For the most part, everyone that I speak with has come to accept the possibility that the Internet knows much more about them than they might think. Their acceptance (which ranges from grudging to incredibly blasé) of a faceless, amorphous entity known as “the Internet” being more familiar with them than their neighbors is made acceptable exactly because the Internet has achieved that same omniscient and omnipresent position as “the Government” or “the CIA” or, dare we say, God him/her/itself. These entities are out there, both comforting and ominous, but not personal, not sitting right next to you.
Perhaps we’ve been doing this wrong.
People aren’t scared, upset or even bothered anymore when we tell them their privacy has been invaded by the “Internet”. In truth, that’s a kindness, because the specifics are much more disturbing. A security researcher just uncovered a veritable treasure trove of personal information on nearly 340 million Americans, i.e., all of us. This information was being hosted in an unsecured database by marketing firm Exactis, and it holds close to 2 terabytes of data. And unfortunately for all of us, it’s much worse than credit cards and social security numbers. Instead, it’s much more personal, such as home addresses and phone numbers, number of children in the family, interests, hobbies, habits, shopping preferences, up to 400 variables on each person in their database, including whether they are a smoker, how many pets and what type, and yes, religious affiliation.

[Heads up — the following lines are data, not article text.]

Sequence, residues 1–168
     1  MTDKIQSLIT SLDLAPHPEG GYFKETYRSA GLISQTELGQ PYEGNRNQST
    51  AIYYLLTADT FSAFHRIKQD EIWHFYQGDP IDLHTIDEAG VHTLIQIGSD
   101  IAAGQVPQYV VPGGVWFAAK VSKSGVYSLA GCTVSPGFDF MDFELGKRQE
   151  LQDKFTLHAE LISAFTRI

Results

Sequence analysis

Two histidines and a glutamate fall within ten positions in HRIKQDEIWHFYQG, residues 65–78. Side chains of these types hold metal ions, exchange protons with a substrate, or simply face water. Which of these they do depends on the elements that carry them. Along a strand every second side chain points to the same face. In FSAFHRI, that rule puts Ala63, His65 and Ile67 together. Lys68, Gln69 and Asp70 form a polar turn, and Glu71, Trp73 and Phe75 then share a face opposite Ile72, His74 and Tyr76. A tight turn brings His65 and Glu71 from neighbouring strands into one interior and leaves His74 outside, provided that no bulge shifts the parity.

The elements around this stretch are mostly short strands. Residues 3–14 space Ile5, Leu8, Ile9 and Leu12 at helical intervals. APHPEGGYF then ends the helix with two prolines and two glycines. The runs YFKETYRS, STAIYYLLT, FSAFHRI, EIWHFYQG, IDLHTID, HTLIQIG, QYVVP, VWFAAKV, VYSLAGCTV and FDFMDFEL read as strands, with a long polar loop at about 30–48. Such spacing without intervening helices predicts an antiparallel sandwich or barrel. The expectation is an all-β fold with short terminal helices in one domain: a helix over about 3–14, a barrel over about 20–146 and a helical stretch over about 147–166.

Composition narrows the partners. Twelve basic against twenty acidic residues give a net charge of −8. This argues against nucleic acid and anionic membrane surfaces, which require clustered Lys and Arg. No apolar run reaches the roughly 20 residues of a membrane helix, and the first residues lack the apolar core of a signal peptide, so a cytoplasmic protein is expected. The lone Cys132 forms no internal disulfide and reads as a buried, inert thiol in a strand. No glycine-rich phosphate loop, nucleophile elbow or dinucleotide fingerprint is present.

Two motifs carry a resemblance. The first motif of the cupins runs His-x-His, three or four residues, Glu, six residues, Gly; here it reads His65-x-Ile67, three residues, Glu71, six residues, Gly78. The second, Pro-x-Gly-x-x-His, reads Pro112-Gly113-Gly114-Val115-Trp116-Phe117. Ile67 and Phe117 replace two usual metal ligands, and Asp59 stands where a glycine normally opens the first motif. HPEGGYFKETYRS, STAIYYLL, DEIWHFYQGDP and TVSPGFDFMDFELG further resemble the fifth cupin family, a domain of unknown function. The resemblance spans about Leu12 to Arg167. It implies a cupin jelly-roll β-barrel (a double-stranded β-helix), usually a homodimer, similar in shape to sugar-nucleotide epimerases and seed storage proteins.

If you ever question how online advertising could be so specific, wonder no more. The marketing firms know where their bread is buttered, and firms like Cambridge Analytica and Exactis are sacrificing your privacy on the altar of data aggregation for the almighty dollar. How does one fight back? Make sure you understand where your local congress critter stands on matters like privacy, encryption and regulatory enforcement on failures like the massive Equifax breach for which exactly zero justice or compensation was delivered.